As many are looking forward to this season with great joy, there are just as many who wish the holidays would pass quickly because it is too painful. The same is true of the birth of Jesus. While Mary, Joseph, angels, shepherds, and kings will savor fondly the joy of Jesus’ birth, thousands of families in the surrounding area will mark it as the anniversary of the horrific night their young son was massacred by Herod… great hope and great pain all in one story.
In 2 Kings 4:8-36 there is a beautiful picture of hope in the midst of pain. Elisha longed to bless the Shunammite woman for her kindness, so he promised that in a year she would embrace a son. She protested, begging Elisha not to play games with her heart. A year later she had a son, and he grew until one day he suddenly died.
What do you do in those moments in your life when it feels like what was promised is taken away? The Shunammite woman asked for a donkey that she might run to the man of God. When her husband asked her why, she simply said, “It is well.” In Hebrew, it is one word, shalom, which means peace, health, welfare, security, safety, wholeness, and completion.
All was not well. Her son, whom she never dreamed she would bear and then miraculously bore, was now dead. As she approached Elisha, his servant met her and asked her what she wanted. Again all she said was, “It is well” (2 Kings 4:26b). This was not a denial of the events or an attempt to give the right religious answer. It was a statement of hope. All was not well, but it is still well.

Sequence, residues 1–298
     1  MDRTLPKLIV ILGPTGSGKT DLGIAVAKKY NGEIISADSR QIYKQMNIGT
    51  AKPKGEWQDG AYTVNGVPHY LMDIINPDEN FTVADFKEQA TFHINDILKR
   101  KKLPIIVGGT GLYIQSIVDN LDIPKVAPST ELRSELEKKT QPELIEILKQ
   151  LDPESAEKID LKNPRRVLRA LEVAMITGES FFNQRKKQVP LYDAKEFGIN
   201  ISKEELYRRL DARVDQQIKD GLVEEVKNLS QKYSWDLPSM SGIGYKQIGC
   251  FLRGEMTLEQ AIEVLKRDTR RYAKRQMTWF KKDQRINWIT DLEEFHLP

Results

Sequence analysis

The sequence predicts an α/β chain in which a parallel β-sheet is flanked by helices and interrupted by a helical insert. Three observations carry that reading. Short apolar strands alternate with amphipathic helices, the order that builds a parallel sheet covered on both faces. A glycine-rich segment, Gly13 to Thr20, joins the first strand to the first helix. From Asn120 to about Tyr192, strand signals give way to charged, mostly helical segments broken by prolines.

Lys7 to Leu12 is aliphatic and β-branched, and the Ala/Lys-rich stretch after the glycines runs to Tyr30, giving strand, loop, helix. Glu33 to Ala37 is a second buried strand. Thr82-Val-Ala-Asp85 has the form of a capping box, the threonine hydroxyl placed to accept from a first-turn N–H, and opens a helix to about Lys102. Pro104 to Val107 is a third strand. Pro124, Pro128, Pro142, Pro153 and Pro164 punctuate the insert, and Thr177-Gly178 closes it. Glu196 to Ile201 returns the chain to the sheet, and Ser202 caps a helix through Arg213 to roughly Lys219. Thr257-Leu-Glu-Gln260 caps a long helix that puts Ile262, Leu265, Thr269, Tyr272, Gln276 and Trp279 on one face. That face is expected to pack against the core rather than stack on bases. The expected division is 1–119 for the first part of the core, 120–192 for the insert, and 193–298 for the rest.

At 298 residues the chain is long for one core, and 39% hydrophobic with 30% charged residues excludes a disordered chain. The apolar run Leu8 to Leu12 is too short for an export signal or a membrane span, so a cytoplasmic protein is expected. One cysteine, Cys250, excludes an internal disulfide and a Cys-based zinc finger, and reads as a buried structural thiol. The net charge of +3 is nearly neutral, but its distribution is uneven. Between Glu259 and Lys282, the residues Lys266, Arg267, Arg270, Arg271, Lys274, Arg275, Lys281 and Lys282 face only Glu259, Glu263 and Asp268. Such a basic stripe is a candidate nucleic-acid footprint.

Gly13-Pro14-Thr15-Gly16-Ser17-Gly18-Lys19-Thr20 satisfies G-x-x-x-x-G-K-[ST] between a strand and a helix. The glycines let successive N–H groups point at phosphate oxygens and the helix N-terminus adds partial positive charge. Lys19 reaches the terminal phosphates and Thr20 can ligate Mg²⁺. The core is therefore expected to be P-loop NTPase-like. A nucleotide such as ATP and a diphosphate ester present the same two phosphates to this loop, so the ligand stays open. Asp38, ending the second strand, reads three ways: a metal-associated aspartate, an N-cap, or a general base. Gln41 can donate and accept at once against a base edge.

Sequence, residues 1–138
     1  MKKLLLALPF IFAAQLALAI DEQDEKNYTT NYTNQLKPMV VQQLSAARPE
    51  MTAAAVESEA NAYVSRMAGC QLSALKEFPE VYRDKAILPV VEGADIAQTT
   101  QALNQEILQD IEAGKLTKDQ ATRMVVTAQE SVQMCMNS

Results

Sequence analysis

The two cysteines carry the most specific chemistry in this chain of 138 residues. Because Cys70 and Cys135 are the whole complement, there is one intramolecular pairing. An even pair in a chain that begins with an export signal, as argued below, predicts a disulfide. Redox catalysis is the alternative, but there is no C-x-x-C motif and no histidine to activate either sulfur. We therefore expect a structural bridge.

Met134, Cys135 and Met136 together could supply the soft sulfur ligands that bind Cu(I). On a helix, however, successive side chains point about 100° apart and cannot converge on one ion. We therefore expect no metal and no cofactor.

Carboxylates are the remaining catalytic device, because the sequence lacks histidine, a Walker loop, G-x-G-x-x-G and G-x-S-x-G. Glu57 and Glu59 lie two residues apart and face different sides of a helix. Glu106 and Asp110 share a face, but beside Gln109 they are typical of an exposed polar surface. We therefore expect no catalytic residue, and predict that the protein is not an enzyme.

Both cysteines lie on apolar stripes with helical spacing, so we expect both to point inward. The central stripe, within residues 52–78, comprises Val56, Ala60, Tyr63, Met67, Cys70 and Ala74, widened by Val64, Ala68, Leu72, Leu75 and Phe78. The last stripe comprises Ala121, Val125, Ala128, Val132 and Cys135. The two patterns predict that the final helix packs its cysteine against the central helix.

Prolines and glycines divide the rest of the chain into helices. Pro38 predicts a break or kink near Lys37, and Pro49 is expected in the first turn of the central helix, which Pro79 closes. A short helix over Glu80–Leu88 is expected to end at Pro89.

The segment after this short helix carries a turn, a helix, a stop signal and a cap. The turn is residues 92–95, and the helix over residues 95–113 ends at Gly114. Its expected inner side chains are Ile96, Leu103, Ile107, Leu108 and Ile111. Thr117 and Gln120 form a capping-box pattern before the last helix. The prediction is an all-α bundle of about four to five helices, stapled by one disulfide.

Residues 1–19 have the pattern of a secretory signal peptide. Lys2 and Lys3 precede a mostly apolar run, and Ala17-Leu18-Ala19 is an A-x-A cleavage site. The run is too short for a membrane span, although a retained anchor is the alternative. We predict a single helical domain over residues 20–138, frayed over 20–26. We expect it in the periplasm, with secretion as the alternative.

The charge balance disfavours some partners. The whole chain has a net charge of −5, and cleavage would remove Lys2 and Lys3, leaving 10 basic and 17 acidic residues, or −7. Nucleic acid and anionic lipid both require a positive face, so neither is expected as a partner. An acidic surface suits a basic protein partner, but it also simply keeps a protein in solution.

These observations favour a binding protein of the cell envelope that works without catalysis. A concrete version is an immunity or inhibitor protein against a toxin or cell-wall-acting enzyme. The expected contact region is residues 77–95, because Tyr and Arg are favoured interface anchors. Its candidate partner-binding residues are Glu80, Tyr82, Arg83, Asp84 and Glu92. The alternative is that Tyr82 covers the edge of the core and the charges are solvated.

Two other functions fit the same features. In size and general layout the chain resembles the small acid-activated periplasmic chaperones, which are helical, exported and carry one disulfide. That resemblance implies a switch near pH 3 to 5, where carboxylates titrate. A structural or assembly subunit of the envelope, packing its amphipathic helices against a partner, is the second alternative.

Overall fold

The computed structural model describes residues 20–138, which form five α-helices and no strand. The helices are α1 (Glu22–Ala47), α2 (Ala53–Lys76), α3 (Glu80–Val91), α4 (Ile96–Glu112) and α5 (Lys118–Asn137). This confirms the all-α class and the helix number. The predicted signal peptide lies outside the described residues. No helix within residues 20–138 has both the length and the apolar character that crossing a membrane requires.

2 Kings 4:27-28 says, “When she reached the man of God at the mountain, she took hold of his feet.” Gehazi came over to push her away, but the man of God said, “Leave her alone! She is in bitter distress, but the Lord has hidden it from me and has not told me why.”
“Did I ask you for a son, my lord?” she said. “Didn’t I tell you, ‘Don’t raise my hopes?’ ”
I love her response. She ran to her only hope, the man of God. But when she arrived, she didn’t hold back how she felt about the circumstances. Can’t you hear her tone? “This was your idea in the first place. You invited me to hope, to dream of having a son, and then this happened. I told you before you did it not to play games with me, and now I am bitterly disappointed.”
But even more amazing was her next phrase. In the midst of bitter distress, she said to the man of God, “As surely as the Lord lives and as you live, I will not leave you.” As devastated as she felt, she continued to trust and hope because she knew regardless of what would occur “It is well.”
The Shunammite woman’s story has a happy ending. Her son was raised from the dead. But for many that is not the case. Despite praying, hoping, and dreaming, life circumstances have turned out differently than you expected. Regardless of what this season holds for you, may you be like the Shunammite woman, able to be honest about the pain and to bring God all your pain and distress. May you find a resting place in God who is your Hope. You may not like what is happening. You may not understand what God is up to. May you choose to receive the grace of God to be able to say, “It is well.”
Be blessed in the heart of Jehovah-Shalom, the God of “It is well.”
© 2012 Elizabeth Gunter
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